As a yearbook adviser, I preached the notion that “you can’t have a year, without a yearbook”.  The school still has one to sell each year, but if the intent was to make money, the difference in cost between what I had done and what is sold now is marginal, at best. School yearbooks can’t really be true fundraisers and we learned to be happy when we broke even.  But somehow, when it’s felt that a profit needs to be made, in my mind, it begs the question as to whether or not it is now even more important that the significant events of a given year needs to have someone there to record it on film.   I learned, early in the process of creating school yearbooks, that the photo is even more powerful that any words we could add to support the photos.

By training and outlook, I view things as a historian might.  Working at a school that wasamongst the first in the district to be built after the Second World War, working with a colleague who had the longest tenure in district history (50+ years), becoming a consistent part of the larger community outside the school boundaries are things that I find important, as do a number of my colleagues.  In my room, I have boxes of old print photos from my early teaching days at the school.  In our school library, we have boxes of old yearbooks and class photos, some dating back to the late 1940s, in deteriorating cartons that demand proper preservation.  At one time another colleague and I proposed trying to preserve so many elements of our school’s collective memory, various reasons prevented us from moving forward, not the least of which was the limits of the technology that we had on site.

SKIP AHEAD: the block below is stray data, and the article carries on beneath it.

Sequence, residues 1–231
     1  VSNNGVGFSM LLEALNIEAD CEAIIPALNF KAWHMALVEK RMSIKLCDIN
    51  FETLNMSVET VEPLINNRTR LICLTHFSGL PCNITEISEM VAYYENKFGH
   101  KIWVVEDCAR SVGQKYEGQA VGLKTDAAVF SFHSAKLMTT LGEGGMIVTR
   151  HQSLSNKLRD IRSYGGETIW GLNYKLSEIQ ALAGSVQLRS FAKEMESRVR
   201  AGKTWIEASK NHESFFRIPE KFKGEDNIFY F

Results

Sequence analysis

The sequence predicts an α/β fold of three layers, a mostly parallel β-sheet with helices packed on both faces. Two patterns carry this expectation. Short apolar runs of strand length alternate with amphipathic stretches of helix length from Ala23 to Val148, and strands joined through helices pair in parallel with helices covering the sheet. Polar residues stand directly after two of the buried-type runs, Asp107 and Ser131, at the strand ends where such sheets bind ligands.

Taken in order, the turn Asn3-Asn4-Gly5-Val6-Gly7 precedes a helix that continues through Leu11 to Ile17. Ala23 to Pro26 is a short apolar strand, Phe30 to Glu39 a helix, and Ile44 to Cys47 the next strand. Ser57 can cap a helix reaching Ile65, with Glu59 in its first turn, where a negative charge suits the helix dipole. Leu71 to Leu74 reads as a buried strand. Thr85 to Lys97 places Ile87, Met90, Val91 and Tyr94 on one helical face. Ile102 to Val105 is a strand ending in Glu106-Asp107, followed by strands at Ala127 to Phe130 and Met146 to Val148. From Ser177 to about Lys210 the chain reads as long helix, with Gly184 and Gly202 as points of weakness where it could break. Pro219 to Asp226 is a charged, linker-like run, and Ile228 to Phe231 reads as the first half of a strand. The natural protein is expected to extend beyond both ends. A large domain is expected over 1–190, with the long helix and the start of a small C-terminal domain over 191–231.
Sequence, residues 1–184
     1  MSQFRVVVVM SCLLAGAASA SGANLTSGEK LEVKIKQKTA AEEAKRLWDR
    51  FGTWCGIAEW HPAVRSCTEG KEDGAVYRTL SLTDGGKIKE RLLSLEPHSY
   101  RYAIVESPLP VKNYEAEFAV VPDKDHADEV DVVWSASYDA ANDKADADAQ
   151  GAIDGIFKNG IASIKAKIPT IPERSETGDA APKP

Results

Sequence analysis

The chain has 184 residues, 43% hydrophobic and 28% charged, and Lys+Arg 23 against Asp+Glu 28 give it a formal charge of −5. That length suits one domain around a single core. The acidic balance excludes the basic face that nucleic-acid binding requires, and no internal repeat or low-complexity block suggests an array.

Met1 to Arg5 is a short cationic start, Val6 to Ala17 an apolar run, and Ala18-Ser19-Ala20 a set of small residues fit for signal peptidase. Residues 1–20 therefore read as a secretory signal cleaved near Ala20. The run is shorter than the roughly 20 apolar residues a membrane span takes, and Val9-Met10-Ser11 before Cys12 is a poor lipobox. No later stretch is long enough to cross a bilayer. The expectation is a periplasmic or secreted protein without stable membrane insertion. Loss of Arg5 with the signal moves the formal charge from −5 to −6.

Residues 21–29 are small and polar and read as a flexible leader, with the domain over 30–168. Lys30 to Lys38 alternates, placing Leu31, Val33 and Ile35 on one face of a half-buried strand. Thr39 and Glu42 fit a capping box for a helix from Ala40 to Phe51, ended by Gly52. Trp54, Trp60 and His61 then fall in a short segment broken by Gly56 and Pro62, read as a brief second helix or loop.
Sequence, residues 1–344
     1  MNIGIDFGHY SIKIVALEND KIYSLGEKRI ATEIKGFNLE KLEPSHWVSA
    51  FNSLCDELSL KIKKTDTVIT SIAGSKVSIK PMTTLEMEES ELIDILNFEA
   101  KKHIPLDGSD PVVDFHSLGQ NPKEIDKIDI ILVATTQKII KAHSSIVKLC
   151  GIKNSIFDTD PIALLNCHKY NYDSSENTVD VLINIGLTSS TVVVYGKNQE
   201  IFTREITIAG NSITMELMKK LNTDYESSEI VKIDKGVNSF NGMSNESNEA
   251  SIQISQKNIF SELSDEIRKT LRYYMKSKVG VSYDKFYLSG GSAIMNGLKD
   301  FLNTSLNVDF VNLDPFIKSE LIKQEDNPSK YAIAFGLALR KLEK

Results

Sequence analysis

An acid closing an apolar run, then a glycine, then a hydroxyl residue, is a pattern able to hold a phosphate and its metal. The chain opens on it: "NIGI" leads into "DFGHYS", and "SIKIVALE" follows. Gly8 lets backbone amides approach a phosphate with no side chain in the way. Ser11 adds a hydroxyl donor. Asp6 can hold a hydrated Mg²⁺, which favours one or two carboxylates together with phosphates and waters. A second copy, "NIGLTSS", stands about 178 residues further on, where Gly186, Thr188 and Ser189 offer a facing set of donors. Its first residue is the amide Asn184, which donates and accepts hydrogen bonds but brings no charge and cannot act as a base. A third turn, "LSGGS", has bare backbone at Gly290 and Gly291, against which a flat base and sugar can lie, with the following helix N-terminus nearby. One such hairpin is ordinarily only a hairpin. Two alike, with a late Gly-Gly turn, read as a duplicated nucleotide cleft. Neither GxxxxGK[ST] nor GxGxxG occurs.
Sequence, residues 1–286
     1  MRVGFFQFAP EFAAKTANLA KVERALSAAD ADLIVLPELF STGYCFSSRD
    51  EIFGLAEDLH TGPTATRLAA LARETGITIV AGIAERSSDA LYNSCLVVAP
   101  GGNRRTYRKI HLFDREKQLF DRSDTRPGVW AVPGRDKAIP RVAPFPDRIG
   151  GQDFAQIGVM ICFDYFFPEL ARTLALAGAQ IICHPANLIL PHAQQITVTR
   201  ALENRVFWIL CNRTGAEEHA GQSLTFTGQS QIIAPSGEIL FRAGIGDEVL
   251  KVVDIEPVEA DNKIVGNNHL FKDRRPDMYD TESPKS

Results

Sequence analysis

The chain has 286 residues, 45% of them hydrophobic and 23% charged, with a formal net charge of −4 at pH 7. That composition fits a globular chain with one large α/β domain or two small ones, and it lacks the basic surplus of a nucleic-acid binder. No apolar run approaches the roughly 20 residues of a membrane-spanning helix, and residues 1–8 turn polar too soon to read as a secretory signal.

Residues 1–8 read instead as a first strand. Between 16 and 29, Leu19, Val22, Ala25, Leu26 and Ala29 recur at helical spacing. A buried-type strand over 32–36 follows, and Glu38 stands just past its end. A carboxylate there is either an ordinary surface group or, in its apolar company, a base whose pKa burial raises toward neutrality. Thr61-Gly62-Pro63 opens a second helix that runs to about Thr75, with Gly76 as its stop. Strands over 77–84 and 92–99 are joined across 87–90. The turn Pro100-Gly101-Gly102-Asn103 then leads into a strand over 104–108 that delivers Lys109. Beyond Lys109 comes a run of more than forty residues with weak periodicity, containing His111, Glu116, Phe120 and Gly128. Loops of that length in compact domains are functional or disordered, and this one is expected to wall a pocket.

This obsession with photographs on my part isn’t a nostalgia kick, it’s preserving what’s important.  To see a former student use her experience with me to become editor of her high school yearbook, or to see another former student’s website with original photographs she’s taken, or even still another’s photos on her Facebook page, is to be reminded of the learning that went beyond the books we opened or the papers we wrote in the classroom.  Literacy can be measured in so many ways, and in failing to value the visual literacy that the exercise in publication/journalism provides, we’ve allowed students to miss out on those experiences that opens doors for them in an outside world were too many doors are closing rapidly as it is.  Over the summer, Eileen Reynolds, in The New Yorker, commented:

I wouldn’t argue that yearbooks are nearly as important as either math classes or marching bands, but isn’t it possible that there’s something about them that’s worth salvaging? Some teensy weensy shred of educational value?